This change, the committee found, was not controversial, would benefit Illinois trial proceedings, and was reflected in the federal rules and the rules of the 44 other surveyed jurisdictions. The committee identified and listed in that paragraph (3) other changes that it felt were equally uncontroversial and would, if adopted, likewise benefit trial practice in Illinois. "We incorporated those into our rules, as they would enable our courts to operate more efficiently and effectively and thereby expedite the trial process for lawyers, litigants, and judges," said Hudson. (Importantly, the rules codify the Frye standard for admitting expert testimony - for more, see LawPulse at page 614.)
Numbered paragraph (4) of the committee commentary identifies two changes to Illinois evidence law that the committee recommended. Those changes are in areas where the committee determined that the particular evidentiary principle had not been addressed by statute or by any recent decision of the Illinois Supreme Court and where any existing prior Illinois law either did not properly reflect evidentiary policy considerations or raised practical problems of application in light of modern developments and other evidence rules. Three rules fell into this category, the committee determined: Rules 405, 608, and 803(3).
As a result of the committee's changes pursuant to numbered paragraph (4), Rule 405, Methods of Proving Character, now includes opinion testimony along with reputation testimony as a method of proof in cases where character evidence is admissible. Rule 608, Evidence of Character Wit ness, also now permits opinion testimony with respect to character for truthfulness.
Rule 803(3), the hearsay exception with respect to statements of then existing mental, emotional, or physical condition, eliminates the requirements that the statements be made by declarants found unavailable to testify and that the trial court find a reasonable probability that the statements are truthful. Those requirements, the committee commentary explains, do not exist in any other jurisdiction.
In numbered paragraph (5) of the commentary, the committee notes that the new rules on hearsay exceptions remove the difference between civil and criminal business and public records in favor of the traditional and otherwise uniformly accepted division between business records (Rule 803(6)), and public records and reports (Rule 803(8)), both of which are equally applicable in civil and criminal cases. The committee has characterized this change as "structural," for SCR 236 had recognized this exception in civil cases and section 115 of the Code of Criminal Procedure (725 ILCS 5/115) had recognized it in criminal cases, except for medical records and police investigative records. The new rules retain the latter exception.
Rules in the statutes but not in the code
In numbered paragraph (6) of the commentary, the committee observes that there remain numerous statutes that relate to some extent to the law of evidence. The committee said it felt it "inappropriate, unnecessary, and unwise" to refer specifically to all of those statutes and that their validity remains unaffected by the promulgation of the new rules.
Former Illinois Appellate Justice Gino DiVito, who served on the committee, explains, "Codification of all of the statu tory provisions would have had the effect of freezing them. We didn't want to risk hampering in some way the General Assembly's prerogative to act."
DiVito accordingly cautions lawyers, "There are still some rules of evidence that are in the statutes but not in the Evidence Code. You'll need to know them."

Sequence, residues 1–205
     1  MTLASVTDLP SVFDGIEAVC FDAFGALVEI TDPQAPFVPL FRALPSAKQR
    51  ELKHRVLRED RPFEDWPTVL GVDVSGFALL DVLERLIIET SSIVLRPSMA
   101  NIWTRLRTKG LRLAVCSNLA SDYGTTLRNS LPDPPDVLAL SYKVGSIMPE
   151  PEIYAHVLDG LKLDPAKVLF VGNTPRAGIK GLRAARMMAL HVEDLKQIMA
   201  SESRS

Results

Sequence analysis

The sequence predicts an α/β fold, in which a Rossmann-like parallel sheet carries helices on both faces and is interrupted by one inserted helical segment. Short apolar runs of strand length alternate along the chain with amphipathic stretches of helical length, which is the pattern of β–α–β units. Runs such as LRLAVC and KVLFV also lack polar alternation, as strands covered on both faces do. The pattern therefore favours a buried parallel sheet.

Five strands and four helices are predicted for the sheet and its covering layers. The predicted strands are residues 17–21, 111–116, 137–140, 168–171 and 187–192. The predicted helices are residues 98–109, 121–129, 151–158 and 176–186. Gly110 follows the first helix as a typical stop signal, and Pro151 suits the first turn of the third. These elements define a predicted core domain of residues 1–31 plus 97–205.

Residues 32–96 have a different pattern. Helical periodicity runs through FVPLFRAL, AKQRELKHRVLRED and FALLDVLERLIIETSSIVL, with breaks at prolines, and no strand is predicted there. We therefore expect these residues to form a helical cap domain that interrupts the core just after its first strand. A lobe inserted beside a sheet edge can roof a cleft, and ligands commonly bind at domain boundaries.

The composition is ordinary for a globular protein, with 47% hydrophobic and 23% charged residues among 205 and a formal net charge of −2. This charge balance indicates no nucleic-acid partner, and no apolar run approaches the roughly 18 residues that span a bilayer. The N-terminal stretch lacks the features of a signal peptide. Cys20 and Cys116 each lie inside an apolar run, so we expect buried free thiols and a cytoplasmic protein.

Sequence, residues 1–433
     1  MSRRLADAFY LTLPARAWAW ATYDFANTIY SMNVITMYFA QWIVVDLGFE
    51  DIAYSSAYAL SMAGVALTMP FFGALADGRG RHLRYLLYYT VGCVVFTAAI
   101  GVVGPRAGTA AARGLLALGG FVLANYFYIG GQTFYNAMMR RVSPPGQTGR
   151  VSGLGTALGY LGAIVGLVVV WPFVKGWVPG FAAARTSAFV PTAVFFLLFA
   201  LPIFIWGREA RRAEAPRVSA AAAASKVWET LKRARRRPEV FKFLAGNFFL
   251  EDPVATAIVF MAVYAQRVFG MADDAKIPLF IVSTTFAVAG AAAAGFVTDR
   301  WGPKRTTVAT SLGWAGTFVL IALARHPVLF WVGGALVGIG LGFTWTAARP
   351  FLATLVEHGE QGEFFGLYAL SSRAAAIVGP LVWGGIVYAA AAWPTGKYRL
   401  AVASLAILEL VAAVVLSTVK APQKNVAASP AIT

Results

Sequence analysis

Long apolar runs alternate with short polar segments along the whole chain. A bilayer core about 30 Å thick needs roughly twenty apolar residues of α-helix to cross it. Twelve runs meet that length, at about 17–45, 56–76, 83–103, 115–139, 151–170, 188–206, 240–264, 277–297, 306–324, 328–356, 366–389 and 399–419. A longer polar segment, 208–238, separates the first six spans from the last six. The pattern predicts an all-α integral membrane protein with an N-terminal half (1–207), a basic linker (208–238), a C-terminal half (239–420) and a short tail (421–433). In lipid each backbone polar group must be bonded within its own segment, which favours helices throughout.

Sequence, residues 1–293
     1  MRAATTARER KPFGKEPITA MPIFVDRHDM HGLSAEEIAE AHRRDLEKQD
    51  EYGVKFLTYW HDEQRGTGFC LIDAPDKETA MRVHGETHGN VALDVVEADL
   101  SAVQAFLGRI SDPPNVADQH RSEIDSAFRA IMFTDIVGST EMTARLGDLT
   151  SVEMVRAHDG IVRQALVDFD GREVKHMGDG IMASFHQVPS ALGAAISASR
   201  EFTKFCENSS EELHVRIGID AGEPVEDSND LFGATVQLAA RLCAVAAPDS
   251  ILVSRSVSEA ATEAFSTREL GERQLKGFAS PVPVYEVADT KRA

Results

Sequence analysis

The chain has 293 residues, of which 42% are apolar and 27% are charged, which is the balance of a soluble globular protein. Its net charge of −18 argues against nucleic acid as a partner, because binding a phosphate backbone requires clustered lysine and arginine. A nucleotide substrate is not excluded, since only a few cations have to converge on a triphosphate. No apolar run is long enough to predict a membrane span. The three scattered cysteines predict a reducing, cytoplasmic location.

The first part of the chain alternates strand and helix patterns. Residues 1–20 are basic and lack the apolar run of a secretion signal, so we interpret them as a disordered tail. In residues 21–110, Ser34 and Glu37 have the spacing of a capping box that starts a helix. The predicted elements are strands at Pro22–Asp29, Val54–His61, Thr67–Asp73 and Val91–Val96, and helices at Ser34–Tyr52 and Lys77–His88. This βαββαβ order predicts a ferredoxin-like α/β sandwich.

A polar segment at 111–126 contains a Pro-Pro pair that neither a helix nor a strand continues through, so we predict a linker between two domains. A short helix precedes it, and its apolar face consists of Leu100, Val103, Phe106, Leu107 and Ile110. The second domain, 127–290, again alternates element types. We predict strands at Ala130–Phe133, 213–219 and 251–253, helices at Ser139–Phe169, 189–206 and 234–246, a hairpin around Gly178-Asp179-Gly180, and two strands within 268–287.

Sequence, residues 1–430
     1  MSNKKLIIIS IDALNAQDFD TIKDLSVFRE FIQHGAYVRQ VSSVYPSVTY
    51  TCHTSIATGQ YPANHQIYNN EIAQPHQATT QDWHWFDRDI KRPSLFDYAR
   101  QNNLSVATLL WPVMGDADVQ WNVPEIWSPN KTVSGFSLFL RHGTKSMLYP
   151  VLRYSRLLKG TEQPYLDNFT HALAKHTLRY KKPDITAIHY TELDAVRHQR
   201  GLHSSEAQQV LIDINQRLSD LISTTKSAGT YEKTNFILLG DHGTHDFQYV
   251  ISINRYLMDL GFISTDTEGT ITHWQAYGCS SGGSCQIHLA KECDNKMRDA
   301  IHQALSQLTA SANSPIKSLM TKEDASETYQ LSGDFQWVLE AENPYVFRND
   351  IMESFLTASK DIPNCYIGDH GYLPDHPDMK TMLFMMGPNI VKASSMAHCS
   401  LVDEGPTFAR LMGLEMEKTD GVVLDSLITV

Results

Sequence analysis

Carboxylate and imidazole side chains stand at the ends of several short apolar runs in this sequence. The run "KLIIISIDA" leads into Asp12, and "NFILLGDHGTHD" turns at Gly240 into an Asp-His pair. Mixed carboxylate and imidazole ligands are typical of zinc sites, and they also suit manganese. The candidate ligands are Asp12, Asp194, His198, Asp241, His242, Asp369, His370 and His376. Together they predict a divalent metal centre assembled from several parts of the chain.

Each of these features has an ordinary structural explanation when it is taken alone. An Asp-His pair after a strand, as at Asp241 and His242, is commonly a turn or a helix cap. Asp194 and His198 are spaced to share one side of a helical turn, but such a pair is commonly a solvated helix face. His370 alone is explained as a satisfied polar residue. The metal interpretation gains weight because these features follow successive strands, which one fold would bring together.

The committee identified six instances where it either incorporated certain stat utes verbatim or cited them in the new rules' text. For example, Illinois Rule of Evidence 801(d)(1)(A), which defines a prior inconsistent statement that is not hearsay in a criminal case, incorporates most of the text of 725 ILCS 5/115-10.1. Similarly, Rule 801(d)(1)(B) incorporates 725 ILCS 5/115-12.
Says DiVito, "In that case, we virtually laid out the statute because it applies in all cases, not just those in which sex offenses are charged. We also wanted to make it clear that there's a difference between criminal and civil cases."
Finally, the committee states in numbered paragraph (7) of its commentary that in case of redundancy, the applicable rule of evidence and not other rules of the supreme court should be cited. In his own preface to the new edition of his handbook on Illinois evidence, Professor Graham sets forth the redundant rules and suggests that they are subject to repeal. For example, SCR 402(f) has been effectively replaced by Illinois Rule of Evidence 410, and SCR 238(a) and SCR 433 by Illinois Rules of Evidence 607 and 611(c).
The committee commentary also highlights certain rules that, after the hearings on its initial draft, it determined to reserve. For example, Rule 407, Post Occurrence Remedial Measures, is reserved.
Hudson noted that the supreme court granted review to a case that squarely presents that issue to the court, Jablonski v Ford Motor Co, No 110096. At press time, oral argument on that matter had been scheduled for November 18, 2010. Also reserved are two hearsay exceptions, Rules 803(1), Present Sense Impressions, and 803(18), Learned Treatises, because Illinois common law recognizes neither.
"Nobody got everything he wanted"
Hudson and the other committee members interviewed, as well as two lawyers who testified at the May hearings, praised the committee's work and the final result. Said Hudson, "Our draft was the result of a dynamic and interactive process. We first identified, reviewed, and thoroughly discussed all of the rules individually. We then sought to incorporate all existing rules into the code while avoiding affecting the validity of existing statutes."
Members' discussions about the committee's process also show that the meetings were only a small portion of the committee's uncompensated work. Ruebner, for example, who acted as the committee's reporter, speaks of preparing memos and reviewing the minutes of each meeting with senior attorney Marcia Meis of the Administrative Office of the Illinois Courts, who acted as liaison between the committee and the AOIC, to be sure that they accurately reflected the committee's deliberations.